All of this is a rather wordy way to say, I would rather have an Attribute score be one or two points lower than you could otherwise purchase, because it translates into better overall scores. Taking a +6 instead of a +7, for instance, saves you enough Attribute build points to give a +1 bonus to 3 other Attributes, or a +2 and a +1, or even a +3. Bringing up your Dexterity (for example) up enough to get an extra 2 points of Physical Defense is nothing to sneeze at.
Generally, I recommend that a new character shoot for Step 7 in the Attribute (or Attributes) their talents are based on. Not just First Circle talents (though those are important), but the talents available through the first few circles, both Discipline and optional. Shooting for Step 7 in those Attributes means even a single talent rank puts you at Step 8, the first multiple-die Step at 2d6. If you look at the probabilities involved, the jump from Step 7 to Step 8 is significant, and if you can get it, you should.
With all that theory-crafting in mind, here’s how I decided to spend my Attribute build points.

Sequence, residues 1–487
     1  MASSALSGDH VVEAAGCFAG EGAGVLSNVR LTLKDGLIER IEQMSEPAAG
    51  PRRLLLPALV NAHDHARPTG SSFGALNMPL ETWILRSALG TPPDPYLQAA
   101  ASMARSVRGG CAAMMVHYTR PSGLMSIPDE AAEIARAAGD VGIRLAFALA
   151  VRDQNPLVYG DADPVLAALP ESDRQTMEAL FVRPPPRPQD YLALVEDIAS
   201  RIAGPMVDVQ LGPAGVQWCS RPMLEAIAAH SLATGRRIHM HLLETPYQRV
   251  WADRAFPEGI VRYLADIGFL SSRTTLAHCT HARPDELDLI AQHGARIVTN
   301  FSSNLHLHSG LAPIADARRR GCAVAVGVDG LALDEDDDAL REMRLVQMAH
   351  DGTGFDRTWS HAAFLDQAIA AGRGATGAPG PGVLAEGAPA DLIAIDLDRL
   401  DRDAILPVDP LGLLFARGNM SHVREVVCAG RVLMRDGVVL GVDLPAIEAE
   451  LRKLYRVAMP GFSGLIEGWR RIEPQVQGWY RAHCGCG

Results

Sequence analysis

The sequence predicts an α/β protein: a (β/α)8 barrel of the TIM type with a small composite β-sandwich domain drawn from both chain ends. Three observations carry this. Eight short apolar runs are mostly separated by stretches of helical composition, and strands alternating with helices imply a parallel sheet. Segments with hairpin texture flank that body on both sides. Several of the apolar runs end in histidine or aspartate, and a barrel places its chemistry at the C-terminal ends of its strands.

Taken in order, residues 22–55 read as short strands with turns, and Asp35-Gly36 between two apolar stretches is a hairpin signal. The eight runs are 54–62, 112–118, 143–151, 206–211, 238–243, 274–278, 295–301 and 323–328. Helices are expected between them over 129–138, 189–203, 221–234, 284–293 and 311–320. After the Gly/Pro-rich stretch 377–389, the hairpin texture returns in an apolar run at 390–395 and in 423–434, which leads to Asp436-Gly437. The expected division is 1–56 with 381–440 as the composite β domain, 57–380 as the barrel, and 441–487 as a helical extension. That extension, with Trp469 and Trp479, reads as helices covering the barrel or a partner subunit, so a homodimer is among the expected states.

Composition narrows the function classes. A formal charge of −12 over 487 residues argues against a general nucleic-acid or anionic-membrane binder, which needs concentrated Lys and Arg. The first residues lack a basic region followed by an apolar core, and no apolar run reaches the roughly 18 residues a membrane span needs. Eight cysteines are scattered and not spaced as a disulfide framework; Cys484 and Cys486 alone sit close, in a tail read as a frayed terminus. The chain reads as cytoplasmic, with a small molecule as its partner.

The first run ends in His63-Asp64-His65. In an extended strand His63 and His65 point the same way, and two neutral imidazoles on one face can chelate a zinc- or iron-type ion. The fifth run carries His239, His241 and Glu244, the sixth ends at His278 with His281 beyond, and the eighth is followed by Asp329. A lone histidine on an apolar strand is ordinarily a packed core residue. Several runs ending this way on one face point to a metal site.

- 3 points for +3 to Dexterity, raising it to a 13.
- 0 points on Strength, leaving at its starting value of 14.
- 2 points for +2 Toughness, bringing it up to a 14.
- 12 points for +7 Perception, raising it to a 16.
- 5 points for +4 Willpower, raising it to a 15.
- 3 points for +3 Charisma, raising it to a 13.
Here’s the more involved reasoning:
Raising Perception to 16 is an obvious first choice, since that puts me at Step 7. Both Nethermancy and Spellcasting are based on Perception, and are the bread and butter for a magician. While a 17 would give me a starting Mystic Defense of 10 (instead of 9), that costs an extra 3 Attribute build points, which as I explained above, limits my options. Also, if I look ahead, I get a +1 Mystic Defense at Second Circle, and I can spend Legend Points to raise my Perception to a 17 later on for that extra point of Defense if I really want to.